- Candidacy Exam Formats and Guidelines for Industrial and Human Systems
- Candidacy Exam Formats and Guidelines for Materials and Nanotechnology
- Candidacy Exam Formats and Guidelines for Medical and Biological Systems
- Candidacy Exam Formats and Guidelines for Sensor Signal and Image Processing
The following are possible outcomes:
- repeat exam or part thereof after strengthening specific areas of weakness
The deliberations and vote concerning the outcome of the exam take place immediately following the oral exam. The examination outcome requires a 2/3rd majority of all members of the examination committee for pass and fail. Any other vote results in a repeat of the exam or part thereof.
When the Candidacy Examination is completed, a Record of Candidacy Examination Form is signed by all members of the examination committee and forwarded to the Program Coordinator.
Repeat of Candidacy Examination
If the outcome of the first Candidacy Examination was "repeat exam or part thereof after strengthening specific areas of weakness," the student may submit another request for a Candidacy Examination. This request is to be submitted no ealier than three months and usually no later than six months after completion of the first attempt. Only one repeat of the Candidacy Examination is permitted.
A DAGSI course is a course that is taken at a DAGSI-partner institution other than Wright State University (WSU), specifically, the Air Force Institute of Technology (AFIT) or the University of Dayton (UD). Students in the Program are required to take at least 10% of their course work outside of Wright State whether or not they have a DAGSI scholarship.
At times, students may find themselves in situations in which they have exhausted all of the 700-level courses for their research focus area or want to take a course similar to a Wright State course that is not offered during the semester in which they want to take it. These situations are addressed in the following subsections.
Graduate Level Course Equivalents
Students taking courses at AFIT are expected to register at 600- or 700-level for the DAGSI requirement. Similarly, UD graduate-level courses start with 500-level numbering for DAGSI credit. For more information on courses offered, please see the appropriate website:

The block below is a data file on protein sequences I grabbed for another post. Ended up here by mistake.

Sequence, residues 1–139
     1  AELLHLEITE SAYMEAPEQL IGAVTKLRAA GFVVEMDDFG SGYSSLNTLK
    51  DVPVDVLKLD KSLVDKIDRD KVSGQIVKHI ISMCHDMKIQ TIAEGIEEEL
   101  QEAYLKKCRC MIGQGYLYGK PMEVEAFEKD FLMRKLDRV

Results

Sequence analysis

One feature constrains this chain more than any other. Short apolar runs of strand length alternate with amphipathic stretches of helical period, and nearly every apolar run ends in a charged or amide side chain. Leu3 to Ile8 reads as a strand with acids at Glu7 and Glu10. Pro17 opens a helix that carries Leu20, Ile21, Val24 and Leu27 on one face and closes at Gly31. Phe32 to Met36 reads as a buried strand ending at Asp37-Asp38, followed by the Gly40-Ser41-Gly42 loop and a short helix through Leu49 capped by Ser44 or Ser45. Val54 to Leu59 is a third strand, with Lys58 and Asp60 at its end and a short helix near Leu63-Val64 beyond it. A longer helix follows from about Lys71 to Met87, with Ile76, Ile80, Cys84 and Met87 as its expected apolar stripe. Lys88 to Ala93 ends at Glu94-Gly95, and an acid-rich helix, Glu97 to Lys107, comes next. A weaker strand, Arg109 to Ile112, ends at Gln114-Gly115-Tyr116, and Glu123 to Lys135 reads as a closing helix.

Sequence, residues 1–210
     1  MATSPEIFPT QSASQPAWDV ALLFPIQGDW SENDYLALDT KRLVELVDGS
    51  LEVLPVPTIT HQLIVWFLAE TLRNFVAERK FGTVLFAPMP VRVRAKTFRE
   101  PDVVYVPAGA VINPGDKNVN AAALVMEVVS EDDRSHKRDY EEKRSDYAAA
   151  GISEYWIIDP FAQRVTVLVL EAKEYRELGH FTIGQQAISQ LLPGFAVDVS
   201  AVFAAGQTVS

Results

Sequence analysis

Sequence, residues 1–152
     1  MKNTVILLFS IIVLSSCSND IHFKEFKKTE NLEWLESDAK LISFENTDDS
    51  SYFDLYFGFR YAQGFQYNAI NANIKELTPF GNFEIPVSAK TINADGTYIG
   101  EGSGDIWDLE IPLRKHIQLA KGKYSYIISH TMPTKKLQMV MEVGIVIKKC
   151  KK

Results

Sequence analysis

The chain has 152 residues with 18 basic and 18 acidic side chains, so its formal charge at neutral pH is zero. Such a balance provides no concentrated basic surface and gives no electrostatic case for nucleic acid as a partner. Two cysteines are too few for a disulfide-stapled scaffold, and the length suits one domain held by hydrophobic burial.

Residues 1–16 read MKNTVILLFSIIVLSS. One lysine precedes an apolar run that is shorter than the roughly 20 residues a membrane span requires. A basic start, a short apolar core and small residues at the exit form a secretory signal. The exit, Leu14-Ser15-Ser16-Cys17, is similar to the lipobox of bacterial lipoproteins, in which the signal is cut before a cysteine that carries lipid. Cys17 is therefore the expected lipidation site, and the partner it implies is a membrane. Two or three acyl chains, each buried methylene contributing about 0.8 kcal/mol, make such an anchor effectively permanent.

- AFIT course offerings: http://courses.afit.edu/
- UD course offerings: http://www.udayton.edu/~registr/
Students are permitted to take courses at DAGSI-partner schools that are similar to WSU courses, but only if the WSU course is not available during the quarter the student wishes to take it. Otherwise, students will not receive credit for the course.
Students are not permitted to take a course at a DAGSI-partner institution that is very similar to a course they have already taken at WSU. For example, UD's MTH 547 is similar to EGR 705 and will not be accepted for credit if the student has already taken EGR 705.
Core Degree Requirements
The purpose of the core course requirement is to assure that you have a strong knowledge of engineering fundamentals. To satisfy this requirement, you must pass three of five interdisciplinary core courses. The core courses are as follows:
EGR 7010 Applied Linear Techniques
(offered fall and spring semesters)
EGR 7020 Systems Engineering and Analysis
(offered spring semester)
EGR 7030 Computation Engineering Analysis
(offered spring semester)
EGR 7040 Design Optimization
(offered fall semester)
EGR 7050 Design and Analysis of Engineering Experiments
(offered fall semester)
Core courses taken beyond the required three may be used to satisfy major or breadth requirements.
Your dissertation must meet all of the requirements of the Graduate School. Your research must be a significant, unique contribution to the field of engineering, and should provide an important creative experience for you. The subject matter of your dissertation should lead to a refereed journal publication.